The Battle for Stanford's Bank

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The fight over the remains of disgraced financier R. Allen Stanford’s offshore empire is getting ugly.

A US investor is asking a court in Antigua to appoint a liquidator to wind down the operation of Stanford International Bank, the offshore bank at the heart of what US regulators say was a $8 billion Ponzi scheme.

Miami resident Alexander Fundora, in court papers obtained by BusinessWeek’s Unstructured Finance blog, says a liquidator is needed to preserve the bank’s assets, which are “at risk of dissipation at the hands of thousands of creditors seeking self-interested relief in multiple jurisdictions.” Fundora, the founder of a Miami-based home health care agency, invested $2.78 million in those now questionable certificates of deposits issued by Stanford’s bank.

The former health care executive wants the Antigua court to appoint two restructuring experts from PricewaterhouseCoopers as the liquidators. The PWC employees, according to court papers, have agreed to take on the job if the court approves.

“The US has no jurisidiction in Antigua, that’s what concerns me,” said Fundora, in an interview. He first invested with Stanford in 2006.

Still, if the court in Antigua grants Fundora’s request, it could create complications for Ralph Janvey, the Dallas lawyer serving as the court-appointed receiver for Stanford’s Houston-based brokerage firm. Janvey was appointed on Feb. 17, the same day the Securities and Exchange Commission filed civil fraud charges against Stanford and two of his top deputies. He’s supposed to be preserving assets for the thousands of investors in the US, Latin America and the Caribbean allegedly defrauded by Stanford.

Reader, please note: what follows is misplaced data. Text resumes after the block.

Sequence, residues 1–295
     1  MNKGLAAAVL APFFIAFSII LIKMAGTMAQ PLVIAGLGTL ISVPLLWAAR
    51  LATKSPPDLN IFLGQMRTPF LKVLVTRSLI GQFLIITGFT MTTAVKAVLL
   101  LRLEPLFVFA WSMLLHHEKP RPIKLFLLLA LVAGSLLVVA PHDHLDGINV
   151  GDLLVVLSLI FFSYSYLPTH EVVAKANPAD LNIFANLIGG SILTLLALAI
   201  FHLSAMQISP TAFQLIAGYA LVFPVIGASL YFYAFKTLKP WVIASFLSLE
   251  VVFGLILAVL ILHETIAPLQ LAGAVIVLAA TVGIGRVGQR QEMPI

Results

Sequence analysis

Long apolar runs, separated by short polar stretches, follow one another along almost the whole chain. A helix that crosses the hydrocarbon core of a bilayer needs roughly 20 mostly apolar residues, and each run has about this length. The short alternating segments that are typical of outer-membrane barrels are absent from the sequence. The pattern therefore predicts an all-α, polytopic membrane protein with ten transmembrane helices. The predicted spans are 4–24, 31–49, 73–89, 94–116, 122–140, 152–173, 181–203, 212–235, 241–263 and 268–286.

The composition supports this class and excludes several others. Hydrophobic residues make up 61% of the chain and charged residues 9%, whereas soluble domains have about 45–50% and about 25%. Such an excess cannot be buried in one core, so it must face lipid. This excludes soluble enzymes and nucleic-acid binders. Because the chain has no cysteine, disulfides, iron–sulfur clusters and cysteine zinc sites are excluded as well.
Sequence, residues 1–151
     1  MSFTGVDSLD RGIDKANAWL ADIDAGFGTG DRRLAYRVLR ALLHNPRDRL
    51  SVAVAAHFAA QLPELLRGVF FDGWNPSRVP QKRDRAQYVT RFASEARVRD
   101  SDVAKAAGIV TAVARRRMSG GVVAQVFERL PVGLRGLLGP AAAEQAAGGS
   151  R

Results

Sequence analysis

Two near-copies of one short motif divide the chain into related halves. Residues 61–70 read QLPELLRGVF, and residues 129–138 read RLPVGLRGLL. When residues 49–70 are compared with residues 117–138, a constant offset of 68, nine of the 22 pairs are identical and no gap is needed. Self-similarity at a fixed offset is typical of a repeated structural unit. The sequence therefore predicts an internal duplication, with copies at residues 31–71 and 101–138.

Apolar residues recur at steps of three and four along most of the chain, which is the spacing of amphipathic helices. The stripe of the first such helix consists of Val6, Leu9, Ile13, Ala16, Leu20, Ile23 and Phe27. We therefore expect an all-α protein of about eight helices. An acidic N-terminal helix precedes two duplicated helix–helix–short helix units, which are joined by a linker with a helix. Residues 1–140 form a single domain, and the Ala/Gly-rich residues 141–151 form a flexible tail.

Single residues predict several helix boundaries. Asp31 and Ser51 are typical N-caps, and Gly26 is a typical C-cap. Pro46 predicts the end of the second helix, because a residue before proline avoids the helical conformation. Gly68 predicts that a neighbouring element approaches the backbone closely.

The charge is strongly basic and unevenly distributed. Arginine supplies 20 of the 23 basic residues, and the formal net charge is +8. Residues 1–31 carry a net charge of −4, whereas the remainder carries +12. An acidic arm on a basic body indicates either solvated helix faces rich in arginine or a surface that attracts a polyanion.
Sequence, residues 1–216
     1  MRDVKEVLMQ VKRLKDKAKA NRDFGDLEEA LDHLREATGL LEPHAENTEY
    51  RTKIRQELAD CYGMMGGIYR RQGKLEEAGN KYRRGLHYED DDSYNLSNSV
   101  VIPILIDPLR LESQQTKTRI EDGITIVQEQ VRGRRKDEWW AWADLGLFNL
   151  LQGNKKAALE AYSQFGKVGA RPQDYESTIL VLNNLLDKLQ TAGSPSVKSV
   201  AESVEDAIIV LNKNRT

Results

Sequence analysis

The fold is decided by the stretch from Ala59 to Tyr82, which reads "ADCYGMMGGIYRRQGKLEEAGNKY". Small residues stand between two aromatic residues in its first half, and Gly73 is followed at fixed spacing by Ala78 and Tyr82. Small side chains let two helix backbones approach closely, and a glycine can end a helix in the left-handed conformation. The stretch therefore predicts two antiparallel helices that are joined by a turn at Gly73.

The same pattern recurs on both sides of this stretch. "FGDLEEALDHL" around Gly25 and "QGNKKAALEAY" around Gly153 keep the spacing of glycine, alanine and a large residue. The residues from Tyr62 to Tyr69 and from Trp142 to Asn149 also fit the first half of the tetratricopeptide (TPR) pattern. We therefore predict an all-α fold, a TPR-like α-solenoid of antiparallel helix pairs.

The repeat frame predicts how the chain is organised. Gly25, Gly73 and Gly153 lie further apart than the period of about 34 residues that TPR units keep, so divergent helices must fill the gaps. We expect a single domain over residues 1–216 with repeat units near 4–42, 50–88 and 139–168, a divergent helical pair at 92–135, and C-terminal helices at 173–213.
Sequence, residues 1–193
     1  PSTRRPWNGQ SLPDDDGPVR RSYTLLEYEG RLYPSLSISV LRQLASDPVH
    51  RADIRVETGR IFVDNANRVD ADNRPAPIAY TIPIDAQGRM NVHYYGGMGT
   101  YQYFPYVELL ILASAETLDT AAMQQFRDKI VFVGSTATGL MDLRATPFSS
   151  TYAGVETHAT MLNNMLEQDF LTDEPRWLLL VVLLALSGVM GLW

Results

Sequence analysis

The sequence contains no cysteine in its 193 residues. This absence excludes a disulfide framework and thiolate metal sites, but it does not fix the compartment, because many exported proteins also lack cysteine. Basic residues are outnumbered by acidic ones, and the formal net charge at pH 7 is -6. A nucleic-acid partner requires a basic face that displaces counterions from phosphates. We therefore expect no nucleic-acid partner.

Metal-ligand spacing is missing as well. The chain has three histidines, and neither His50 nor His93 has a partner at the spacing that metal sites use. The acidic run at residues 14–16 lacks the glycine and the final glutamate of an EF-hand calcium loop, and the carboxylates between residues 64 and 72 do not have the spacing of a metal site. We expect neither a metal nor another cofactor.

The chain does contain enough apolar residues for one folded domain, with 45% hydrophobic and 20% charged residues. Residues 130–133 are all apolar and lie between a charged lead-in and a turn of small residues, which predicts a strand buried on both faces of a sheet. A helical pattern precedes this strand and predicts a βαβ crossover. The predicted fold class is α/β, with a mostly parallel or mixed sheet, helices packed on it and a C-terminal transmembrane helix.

Over the past two weeks, some Stanford investors had criticized Janvey for moving too slowly in unfreezing brokerage assets that had nothing to do with the offshore bank. On March 12, the receiver, in a bid to calm some of the investor anger, got the court to unfreeze some 28,000 customer accounts—about half of the estimated 50,000 accounts that Stanford Financial Group had worldwide.

Janvey also has drawn fire from more than 1,000 former Stanford employees who were fired on March 6 without any benefits or severance. Some employees claim they were told their health benefits would be continued for a while. Janvey could not be reached for comment.

Fundora’s motion also poses a challenge to the authority of London’s Vantis Business Recovery Services, the firm appointed by Antigua regulators. Fundora said Vantis may have a conflict of interest because Antigua officials have said the government owes Stanford some $100 million in loans. The 58-year-old Texas native is the largest landowner on the small Caribbean island nation.

It’s by no means clear whether Fundora will prevail in his legal motion. Nor is it known whether other investors will join with him.

But it looks like some investors simply aren’t going to wait for regulators to come up with a plan for dividing up Stanford’s assets.

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